Although Eggleston firmly believed in states' rights, he became best known for the opinions he wrote overturning attempts by Virginia legislators to avoid complying with the United States Supreme Court's decisions in Brown v. Board of Education (which had a companion case Davis v. County School Board of Prince Edward County). The Massive Resistance crisis had embroiled Virginia, with U.S. Senator Harry F. Byrd vowing to make his state a bastion against enforcement of Brown. Justice Eggleston wrote the 1955 decision which interpreted a state constitutional provision such that Virginia could not pay private school tuitions for students who left public schools because they integrated racially. In response, legislators proposed a state constitutional amendment, which voters approved the following January, then the special legislative session of August and September 1956 adopted the Stanley plan which included such tuition grants. The school voucher issue then came before the Court again as Harrison v. Day, a declaratory judgment action brought by the Virginia attorney general against the state's comptroller. Chief Justice Eggleston's opinion of January 19, 1959 (birthday of Robert E. Lee and a state holiday in Virginia), while criticizing the federal decision, also declared the new Virginia laws unconstitutional. Only the two justices from Richmond refused to make the decision unanimous, Harold Fleming Snead joining in the dissent of Willis D. Miller, although a three-judge federal panel on the same day also overturned the Stanley Plan as unconstitutional under the U.S. Constitution in James v. Almond.[6] School desegregation came before the Virginia Supreme Court again in 1963, and Chief Justice Eggleston strongly dissented from the six-justice majority in December 1963, correctly predicting that the U.S. Supreme Court would overturn their approval of funds for Prince Edward County's segregation academies while its public schools remained closed, Griffin v. County School Board of Prince Edward County. Another important opinion was United States Construction Workers v. Laburnum Construction Corp. (1953), which established the authority of state courts to adjudicate suits by corporations against labor unions over unfair business practices. In one of his last of more than 500 opinions, Eggleston wrote a unanimous decision about a prisoner (Robert Lee Clark) being improperly denied his right to appeal.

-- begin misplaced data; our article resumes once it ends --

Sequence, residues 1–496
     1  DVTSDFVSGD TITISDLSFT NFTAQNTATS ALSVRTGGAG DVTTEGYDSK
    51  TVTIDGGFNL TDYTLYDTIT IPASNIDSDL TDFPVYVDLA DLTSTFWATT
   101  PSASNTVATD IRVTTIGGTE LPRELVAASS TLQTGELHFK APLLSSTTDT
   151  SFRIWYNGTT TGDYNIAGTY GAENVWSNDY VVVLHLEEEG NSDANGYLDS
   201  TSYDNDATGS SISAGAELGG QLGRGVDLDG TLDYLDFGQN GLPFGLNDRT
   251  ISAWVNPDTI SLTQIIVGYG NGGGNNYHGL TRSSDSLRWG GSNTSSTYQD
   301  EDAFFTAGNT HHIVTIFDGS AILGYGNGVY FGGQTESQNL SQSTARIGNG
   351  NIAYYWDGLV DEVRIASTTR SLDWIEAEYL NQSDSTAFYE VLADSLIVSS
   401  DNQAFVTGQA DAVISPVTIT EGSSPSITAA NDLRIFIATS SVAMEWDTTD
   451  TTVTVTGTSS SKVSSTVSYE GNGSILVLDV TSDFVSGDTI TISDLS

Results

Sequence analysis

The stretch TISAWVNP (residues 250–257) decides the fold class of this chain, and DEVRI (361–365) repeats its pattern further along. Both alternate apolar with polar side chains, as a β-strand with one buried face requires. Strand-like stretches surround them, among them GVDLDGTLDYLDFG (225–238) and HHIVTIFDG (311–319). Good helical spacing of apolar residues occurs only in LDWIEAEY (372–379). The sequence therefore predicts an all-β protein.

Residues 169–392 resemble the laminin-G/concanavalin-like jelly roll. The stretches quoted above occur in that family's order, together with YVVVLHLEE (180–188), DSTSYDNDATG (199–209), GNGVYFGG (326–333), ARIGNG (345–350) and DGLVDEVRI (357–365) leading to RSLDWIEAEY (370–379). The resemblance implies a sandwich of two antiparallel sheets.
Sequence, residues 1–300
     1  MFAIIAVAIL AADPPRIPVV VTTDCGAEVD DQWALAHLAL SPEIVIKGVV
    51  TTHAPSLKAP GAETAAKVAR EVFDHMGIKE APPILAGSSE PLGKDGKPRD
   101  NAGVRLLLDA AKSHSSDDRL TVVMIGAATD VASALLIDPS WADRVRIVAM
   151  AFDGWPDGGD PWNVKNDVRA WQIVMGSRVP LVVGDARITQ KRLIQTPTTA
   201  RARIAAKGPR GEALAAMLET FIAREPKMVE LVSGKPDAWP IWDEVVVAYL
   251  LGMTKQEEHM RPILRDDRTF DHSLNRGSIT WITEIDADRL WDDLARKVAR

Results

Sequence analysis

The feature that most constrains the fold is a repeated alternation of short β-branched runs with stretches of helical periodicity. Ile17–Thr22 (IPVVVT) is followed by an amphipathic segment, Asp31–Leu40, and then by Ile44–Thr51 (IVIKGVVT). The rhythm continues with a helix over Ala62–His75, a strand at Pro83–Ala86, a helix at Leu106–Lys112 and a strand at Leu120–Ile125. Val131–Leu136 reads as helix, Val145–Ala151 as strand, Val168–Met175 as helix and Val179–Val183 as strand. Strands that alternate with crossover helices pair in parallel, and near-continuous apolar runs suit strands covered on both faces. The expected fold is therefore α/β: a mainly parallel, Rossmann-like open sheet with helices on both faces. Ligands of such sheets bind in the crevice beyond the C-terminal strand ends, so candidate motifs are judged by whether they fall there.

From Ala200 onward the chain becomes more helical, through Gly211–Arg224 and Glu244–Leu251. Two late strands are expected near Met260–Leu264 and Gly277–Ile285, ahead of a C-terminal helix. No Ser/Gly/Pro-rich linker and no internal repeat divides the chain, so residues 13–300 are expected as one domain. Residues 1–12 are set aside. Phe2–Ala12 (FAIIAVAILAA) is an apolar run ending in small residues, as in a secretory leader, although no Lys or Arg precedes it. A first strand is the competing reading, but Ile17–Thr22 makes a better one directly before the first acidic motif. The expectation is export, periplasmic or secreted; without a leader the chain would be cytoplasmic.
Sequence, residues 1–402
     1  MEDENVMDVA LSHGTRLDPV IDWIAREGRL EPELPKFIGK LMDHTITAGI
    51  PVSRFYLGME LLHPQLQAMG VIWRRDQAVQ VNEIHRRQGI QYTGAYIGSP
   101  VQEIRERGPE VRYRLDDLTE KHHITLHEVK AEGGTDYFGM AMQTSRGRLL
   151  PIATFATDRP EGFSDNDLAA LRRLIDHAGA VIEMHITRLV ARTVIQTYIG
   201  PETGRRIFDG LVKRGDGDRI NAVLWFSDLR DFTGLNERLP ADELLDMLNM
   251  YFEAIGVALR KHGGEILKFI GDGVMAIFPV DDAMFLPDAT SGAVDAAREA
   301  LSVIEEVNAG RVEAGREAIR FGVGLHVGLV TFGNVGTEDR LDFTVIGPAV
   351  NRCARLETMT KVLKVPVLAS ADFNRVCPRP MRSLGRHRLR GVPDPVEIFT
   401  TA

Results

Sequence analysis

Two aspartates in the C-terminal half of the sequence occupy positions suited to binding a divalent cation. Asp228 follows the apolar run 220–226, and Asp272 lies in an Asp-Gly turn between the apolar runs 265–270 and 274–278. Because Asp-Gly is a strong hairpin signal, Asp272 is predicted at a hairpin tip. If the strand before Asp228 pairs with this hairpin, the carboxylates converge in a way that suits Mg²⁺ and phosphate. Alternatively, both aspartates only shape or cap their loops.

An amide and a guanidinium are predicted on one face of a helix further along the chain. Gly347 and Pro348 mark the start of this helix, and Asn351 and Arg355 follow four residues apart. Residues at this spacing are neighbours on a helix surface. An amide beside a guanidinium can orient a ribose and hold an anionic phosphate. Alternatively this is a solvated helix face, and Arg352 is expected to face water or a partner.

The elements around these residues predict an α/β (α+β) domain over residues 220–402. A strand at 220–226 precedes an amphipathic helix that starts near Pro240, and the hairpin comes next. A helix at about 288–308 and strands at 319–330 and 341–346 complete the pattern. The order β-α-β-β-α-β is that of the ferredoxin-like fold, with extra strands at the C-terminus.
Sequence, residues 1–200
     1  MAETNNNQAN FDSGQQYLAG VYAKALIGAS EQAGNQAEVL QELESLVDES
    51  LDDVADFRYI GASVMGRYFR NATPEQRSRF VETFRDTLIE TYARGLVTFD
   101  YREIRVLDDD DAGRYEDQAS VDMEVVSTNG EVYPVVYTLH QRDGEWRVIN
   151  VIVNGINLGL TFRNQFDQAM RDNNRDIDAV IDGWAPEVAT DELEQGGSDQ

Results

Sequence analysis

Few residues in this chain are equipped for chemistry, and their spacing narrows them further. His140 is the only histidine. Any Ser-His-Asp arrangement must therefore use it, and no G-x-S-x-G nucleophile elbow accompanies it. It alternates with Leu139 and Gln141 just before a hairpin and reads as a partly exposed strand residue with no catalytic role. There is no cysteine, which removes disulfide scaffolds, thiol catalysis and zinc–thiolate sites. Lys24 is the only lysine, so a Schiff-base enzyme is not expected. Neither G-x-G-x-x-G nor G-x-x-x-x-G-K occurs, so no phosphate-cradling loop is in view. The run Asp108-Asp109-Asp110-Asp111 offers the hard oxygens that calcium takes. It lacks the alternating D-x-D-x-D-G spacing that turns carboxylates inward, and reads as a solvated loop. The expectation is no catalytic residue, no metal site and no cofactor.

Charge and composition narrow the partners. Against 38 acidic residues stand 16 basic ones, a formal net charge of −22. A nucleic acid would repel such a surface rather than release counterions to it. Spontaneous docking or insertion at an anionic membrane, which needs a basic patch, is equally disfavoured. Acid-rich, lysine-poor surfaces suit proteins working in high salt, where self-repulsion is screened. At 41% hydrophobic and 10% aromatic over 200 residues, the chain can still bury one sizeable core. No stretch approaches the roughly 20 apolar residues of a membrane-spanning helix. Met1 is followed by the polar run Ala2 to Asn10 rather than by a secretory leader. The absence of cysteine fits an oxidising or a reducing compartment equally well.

Death and legacy[edit]

Eggleston died at the Norfolk General Hospital on May 18, 1976, a month before his 90th birthday, survived by his wife and daughters. He is buried in Norfolk.[7] Since 1999, the Norfolk and Portsmouth Bar Association has named its professionalism award after Norfolk native Eggleston, as well as fellow justice Lawrence W. L'Anson of Portsmouth.[8] His great-grandson is Perry Moore, executive producer of The Chronicles of Narnia film series and New York Times Bestselling Author of the novel, Hero.

References[edit]

  1. ^ E. Griffith Dodson, The General Assembly of Virginia, 1919–1939 (Richmond: State Publication, 1939) pp. 244–245
  2. ^ National Cyclopedia of American Biography, 59 (1980): 215.
  3. ^ Washington Post May 19, 1976 p. B6
  4. ^ 1920 census record
  5. ^
    • John W. Eggleston at The Virginia Elections and State Elected Officials Database Project, 1776-2007
  6. ^ Two Dissent in Virginia Court ruling, Washington Post January 20, 1959 p. A11
  7. ^ John W. Eggleston at Find a Grave
  8. ^ "Norfolk's Jack Greer Gains New Professionalism Award", Virginia Lwwyers Weekly (May 31, 1999)